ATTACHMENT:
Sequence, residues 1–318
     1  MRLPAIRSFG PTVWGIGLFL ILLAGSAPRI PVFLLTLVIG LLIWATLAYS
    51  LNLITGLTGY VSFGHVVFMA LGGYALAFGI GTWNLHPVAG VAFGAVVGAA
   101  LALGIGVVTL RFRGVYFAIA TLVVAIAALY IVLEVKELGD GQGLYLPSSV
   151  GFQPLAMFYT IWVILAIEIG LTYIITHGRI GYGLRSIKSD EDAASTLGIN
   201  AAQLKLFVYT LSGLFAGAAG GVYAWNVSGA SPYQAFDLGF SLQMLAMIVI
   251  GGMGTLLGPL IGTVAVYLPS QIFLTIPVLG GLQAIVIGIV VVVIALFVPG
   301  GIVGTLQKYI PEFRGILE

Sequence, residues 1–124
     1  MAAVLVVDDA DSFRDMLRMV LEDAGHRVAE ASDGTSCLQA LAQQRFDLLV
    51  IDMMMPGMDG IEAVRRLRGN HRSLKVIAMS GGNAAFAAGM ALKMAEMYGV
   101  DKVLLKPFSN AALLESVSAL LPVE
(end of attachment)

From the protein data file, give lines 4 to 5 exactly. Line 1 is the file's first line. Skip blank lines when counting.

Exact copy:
   101  LALGIGVVTL RFRGVYFAIA TLVVAIAALY IVLEVKELGD GQGLYLPSSV
   151  GFQPLAMFYT IWVILAIEIG LTYIITHGRI GYGLRSIKSD EDAASTLGIN